Worst defender: Omar Narváez There are a lot of choices here. You can’t go wrong with my other honorable (or dishonorable) mentions, such as Daniel Palka, Nicky Delmonico, and Matt Davidson. However, because Narváez plays in the most important position among that tandem, I’m going with him here. His framing numbers are at the bottom of the league, not to mention his 12 passed balls and seven errors despite playing just more than half of the games behind the plate.
Least favorite player: Bruce Rondón (a personal trifecta!)
Worst acquisition: Miguel González I almost went with Rondon here, but his salary was much lower than González’s. Welington Castillo was another choice for me, but at least his defense is respectable, and he still may be a guy that could be traded for something during the offseason. A 12.41 ERA & 2.43 WHIP in three starts prior to season-ending surgery didn’t justify Migo’s $4.75 million salary, money that could’ve been better spent elsewhere.
Worst single play: The at-bat on February 26, when Jake Burger busted his knee in spring training. While it didn’t affect the major league club per se, it certainly was a harbinger of injuries and difficulties to come for Alec Hansen, Eloy Jiménez, Luis Robert, Dane Dunning, Jimmy Lambert, Kade McClure, Michael Kopech, Corey Zangari and A.J. Puckett.
Worst single game: Many bad games, but the back-to-back games April 20-21 against the Houston Astros really stood out for me. The 20th is when the White Sox lost, 10-0, and Danny Farquhar suffered his brain aneurysm. The following day, the White Sox lost, 10-1, with Lucas Giolito giving up five hits, seven walks and nine earned runs in just two innings.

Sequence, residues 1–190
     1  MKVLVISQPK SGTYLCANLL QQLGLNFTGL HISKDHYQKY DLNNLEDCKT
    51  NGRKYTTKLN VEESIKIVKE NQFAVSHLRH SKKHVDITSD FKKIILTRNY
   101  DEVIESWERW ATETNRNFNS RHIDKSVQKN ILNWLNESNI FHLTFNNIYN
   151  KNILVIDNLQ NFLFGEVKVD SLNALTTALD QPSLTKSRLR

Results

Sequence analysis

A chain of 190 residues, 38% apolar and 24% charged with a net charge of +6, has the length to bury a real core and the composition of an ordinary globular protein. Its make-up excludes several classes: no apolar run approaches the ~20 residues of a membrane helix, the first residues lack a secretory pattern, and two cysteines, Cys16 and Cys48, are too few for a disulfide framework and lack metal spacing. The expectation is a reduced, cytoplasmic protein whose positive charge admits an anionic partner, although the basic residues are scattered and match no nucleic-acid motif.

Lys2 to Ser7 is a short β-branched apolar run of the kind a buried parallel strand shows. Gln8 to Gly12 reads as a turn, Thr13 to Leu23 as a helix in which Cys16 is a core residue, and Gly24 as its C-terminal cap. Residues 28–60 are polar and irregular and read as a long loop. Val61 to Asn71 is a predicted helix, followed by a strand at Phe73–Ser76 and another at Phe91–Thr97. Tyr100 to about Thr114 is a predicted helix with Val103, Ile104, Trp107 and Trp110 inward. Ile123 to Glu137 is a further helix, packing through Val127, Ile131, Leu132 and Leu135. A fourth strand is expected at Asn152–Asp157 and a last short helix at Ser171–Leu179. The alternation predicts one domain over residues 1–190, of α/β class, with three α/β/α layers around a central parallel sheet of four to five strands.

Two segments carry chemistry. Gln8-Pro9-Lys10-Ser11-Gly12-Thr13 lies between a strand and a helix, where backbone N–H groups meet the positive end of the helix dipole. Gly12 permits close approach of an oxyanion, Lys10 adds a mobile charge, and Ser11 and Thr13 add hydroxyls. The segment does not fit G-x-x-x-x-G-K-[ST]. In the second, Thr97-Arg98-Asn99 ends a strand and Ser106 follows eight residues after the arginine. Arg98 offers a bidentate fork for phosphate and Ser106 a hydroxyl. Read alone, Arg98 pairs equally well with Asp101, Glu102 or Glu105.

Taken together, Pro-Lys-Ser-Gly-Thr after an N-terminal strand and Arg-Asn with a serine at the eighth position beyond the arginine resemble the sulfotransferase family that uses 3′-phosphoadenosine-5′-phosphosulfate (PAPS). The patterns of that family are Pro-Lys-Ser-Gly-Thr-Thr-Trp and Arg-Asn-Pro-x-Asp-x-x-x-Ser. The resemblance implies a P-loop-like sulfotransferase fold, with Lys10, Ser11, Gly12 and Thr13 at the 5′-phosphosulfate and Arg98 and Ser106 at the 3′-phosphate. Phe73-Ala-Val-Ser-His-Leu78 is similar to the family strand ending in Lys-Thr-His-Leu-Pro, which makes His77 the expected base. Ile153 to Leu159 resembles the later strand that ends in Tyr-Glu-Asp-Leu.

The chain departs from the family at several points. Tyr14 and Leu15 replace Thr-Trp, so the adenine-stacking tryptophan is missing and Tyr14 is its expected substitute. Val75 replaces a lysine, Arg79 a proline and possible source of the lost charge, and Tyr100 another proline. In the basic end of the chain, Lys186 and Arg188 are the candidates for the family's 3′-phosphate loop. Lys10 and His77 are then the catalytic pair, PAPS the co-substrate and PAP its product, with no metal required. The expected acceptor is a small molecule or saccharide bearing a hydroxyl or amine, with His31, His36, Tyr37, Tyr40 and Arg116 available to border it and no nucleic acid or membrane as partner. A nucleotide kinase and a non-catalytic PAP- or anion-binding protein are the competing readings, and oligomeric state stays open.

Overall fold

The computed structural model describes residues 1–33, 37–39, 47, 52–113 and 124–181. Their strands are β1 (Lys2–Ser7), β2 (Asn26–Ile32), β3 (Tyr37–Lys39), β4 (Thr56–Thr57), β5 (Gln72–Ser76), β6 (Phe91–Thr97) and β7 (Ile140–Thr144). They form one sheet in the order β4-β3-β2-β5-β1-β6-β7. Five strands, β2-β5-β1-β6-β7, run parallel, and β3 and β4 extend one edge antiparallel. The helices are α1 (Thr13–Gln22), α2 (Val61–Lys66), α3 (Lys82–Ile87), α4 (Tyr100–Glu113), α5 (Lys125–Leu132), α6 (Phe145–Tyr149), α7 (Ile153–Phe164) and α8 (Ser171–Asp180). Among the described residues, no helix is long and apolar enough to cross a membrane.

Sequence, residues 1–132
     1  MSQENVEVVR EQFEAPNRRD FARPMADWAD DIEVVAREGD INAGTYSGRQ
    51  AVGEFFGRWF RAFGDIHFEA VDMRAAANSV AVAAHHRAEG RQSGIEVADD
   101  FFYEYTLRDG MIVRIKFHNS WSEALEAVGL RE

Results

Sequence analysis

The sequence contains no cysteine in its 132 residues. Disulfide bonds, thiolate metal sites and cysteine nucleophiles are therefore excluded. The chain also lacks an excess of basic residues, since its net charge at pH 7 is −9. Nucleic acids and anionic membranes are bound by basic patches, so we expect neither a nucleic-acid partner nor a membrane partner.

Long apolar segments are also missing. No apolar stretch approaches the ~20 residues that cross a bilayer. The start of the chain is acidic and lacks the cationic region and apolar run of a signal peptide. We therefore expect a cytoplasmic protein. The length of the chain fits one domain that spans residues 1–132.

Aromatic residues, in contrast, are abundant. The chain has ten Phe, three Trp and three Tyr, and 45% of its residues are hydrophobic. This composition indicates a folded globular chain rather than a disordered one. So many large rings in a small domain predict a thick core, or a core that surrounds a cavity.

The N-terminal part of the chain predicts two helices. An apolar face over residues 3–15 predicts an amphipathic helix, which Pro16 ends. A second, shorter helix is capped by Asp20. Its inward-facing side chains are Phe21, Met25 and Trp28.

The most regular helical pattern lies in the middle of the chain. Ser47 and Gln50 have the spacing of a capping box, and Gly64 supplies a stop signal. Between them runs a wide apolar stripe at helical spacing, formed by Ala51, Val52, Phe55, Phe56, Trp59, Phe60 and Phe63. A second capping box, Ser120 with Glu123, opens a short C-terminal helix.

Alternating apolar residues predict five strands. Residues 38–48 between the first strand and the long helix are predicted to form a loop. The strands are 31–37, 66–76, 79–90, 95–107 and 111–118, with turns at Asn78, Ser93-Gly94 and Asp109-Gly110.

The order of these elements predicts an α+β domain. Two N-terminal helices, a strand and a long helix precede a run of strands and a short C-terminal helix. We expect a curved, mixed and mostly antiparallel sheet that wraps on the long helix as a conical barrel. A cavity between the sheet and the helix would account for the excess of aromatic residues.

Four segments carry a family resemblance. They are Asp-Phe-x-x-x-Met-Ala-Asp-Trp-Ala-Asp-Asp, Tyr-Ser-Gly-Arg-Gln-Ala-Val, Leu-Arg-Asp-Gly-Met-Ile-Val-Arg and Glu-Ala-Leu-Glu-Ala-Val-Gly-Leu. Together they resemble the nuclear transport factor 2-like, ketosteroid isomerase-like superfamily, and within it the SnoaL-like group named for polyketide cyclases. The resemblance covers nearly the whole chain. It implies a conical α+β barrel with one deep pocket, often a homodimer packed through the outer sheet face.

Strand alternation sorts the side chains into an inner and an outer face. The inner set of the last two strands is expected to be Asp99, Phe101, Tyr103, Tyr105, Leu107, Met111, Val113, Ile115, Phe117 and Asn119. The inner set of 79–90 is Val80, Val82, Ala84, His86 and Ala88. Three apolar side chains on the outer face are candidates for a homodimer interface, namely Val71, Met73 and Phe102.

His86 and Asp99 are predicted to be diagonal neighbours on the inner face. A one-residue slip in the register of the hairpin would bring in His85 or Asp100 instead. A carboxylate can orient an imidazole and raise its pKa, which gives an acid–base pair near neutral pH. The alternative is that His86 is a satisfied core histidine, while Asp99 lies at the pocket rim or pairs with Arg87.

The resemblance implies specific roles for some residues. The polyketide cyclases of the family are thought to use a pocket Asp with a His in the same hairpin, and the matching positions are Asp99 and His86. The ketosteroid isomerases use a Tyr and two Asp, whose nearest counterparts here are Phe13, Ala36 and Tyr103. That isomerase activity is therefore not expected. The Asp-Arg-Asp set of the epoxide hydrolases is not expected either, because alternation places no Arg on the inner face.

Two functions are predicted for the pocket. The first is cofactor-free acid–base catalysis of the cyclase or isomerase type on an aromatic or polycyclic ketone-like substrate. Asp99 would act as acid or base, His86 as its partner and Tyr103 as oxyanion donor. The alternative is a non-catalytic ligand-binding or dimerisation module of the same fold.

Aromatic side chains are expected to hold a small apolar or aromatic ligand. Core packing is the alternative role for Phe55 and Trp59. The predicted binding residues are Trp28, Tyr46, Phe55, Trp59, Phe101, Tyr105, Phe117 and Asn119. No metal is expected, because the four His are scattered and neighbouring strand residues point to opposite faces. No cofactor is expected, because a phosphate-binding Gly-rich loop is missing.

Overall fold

Prospect you’re most disappointed by: Evan Skoug The easier choice would be Hansen, but I’ll give him the benefit of the doubt, as he had been battling injuries this year. Skoug, in Low-A ball, hit just .192/.283/.299 with five homers, and struck out 93 times in just 271 at-bats. He was a Top 30 prospect on MLB Pipeline to begin the year, but this offensive-minded catcher’s stats were truly offensive. Hope things turn around for him next year.
Worst moment of Hawk’s broadcasting career: If memory serves, he got into near-fisticuffs with Brewers’ manager Phil Garner one year. While I’m not a Garner fan, an announcer needs to know his place.
Worst promotion/innovation/development: The Sox going for the all-time record in strikeouts. This simply isn’t a good thing when you likely won’t have a hitter with 30 homers for the entire season.